Click here to view a video that highlights the need for and importance of Bev’s appointment to the charity, and to find out more about Scotty’s SUPPORT Programme.

Enhanced support

Jane Harsham, corporate responsibility manager at Annington, says: ‘When Scotty’s came to us to talk about their plans for the future, they highlighted the need for a new role – head of support. They felt this role was really needed to move forward with the work they do for bereaved military children. Listening to Scotty’s and understanding the passion behind the charity and the fabulous work it has done in the past, we felt that we really wanted to get involved in helping the children make the very best of their lives, despite the tragedies that have befallen them.

‘This is clearly a much-needed role. These children sometimes need a non-family member in their corner to be their advocate, to be fighting their battles for them, whatever they may be. We are proud and delighted to be able to help Scotty’s achieve their aims.’

David Shaw, chief executive of the Veterans’ Foundation, adds: ‘We’re so pleased we’ve been able to help Scotty’s Little Soldiers develop their SUPPORT Programme. It’s so important to care for bereaved British Forces children. Their parents gave so much for our country and we’re so grateful to Scotty’s for supporting the children left behind.’

In 2019, Scotty’s Little Soldiers supported 400 bereaved Forces children across the UK, offering integral support when they need it the most.

Get in touch

To learn more about the work of Scotty’s Little Soldiers, and to find out how to access support, click here.

About Scotty’s Little Soldiers 

Scotty’s Little Soldiers, founded in 2010, honours Corporal Lee Scott’s memory – both as a loyal soldier and a loving father – supports children and young people who have lost a parent who served in the British Armed Forces, providing a practical yet personal way for the public at large to show their appreciation for those brave individuals who make the ultimate sacrifice in the service of their country.

Scotty’s founder Nikki Scott witnessed first hand the effect the loss of a parent can have on a child. It was on a family holiday some nine months after Lee’s death that she saw her 5-year-old son Kai laugh and smile for the first time since his dad’s death. She realised there must be many more children who had also lost a parent who served in the British Armed Forces but hadn’t had that opportunity to smile again. She decided to set up Scotty’s Little Soldiers to do just that – to help their children smile. That was back in 2010 and, since then, Scotty’s has continued to grow and the support available to the children has developed.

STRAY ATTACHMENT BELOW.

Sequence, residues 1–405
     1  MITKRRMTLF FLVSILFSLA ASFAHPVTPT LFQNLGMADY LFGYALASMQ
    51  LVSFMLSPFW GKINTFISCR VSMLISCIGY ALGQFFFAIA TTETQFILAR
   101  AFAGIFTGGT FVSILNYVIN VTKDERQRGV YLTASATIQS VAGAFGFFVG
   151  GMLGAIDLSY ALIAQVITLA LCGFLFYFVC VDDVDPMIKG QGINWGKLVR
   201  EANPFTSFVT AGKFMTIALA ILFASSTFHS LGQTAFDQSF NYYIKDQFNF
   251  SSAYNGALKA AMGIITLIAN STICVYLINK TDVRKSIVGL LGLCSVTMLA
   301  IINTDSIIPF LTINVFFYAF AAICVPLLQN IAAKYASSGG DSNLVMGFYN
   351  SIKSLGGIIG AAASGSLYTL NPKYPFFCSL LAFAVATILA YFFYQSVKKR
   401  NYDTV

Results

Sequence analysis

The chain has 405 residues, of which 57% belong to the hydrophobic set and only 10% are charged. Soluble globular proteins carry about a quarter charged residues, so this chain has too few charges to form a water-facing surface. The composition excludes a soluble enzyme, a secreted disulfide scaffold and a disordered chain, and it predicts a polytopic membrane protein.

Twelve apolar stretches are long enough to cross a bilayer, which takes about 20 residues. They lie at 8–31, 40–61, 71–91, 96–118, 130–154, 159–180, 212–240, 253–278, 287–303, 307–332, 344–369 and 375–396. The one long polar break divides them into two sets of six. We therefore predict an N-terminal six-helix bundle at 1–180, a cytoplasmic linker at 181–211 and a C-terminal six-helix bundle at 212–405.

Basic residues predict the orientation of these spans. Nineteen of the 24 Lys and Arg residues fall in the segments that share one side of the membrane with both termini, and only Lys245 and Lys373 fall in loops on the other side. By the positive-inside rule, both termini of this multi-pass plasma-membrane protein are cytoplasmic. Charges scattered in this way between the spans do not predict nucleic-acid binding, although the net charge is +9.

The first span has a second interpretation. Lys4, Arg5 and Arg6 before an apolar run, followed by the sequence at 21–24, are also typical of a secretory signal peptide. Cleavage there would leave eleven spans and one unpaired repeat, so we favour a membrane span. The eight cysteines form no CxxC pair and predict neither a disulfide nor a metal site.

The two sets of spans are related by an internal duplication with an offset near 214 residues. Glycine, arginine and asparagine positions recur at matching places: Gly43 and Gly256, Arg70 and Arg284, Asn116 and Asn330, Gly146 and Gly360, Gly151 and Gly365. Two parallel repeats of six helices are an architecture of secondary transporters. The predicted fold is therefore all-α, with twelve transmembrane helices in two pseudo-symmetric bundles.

It does many things to support its members, including providing access to the very best health and well-being care, offering outstanding development opportunities through a range of activity and educational grants, and helping to put smiles back on those brave faces by providing respite breaks, posting them birthday and Christmas presents, and remembering the anniversary of their parent’s death, as well as arranging events where bereaved Forces children from all over the country can come together to have a great time and form friendships with others in the same situation.

About Annington Homes

Annington is one of the largest private owners of residential property in the UK following the purchase of more than 50,000 homes from the MoD in 1996. Most of these properties are leased back to the MoD.

About the Veterans’ Foundation

The Veterans’ Foundation raises funds and provides grants to British Armed Forces charities and associated charitable activities, which are actively helping veterans and their dependants in need.

Main image: Scotty's Little Soldiers Head of Support Bev Townsend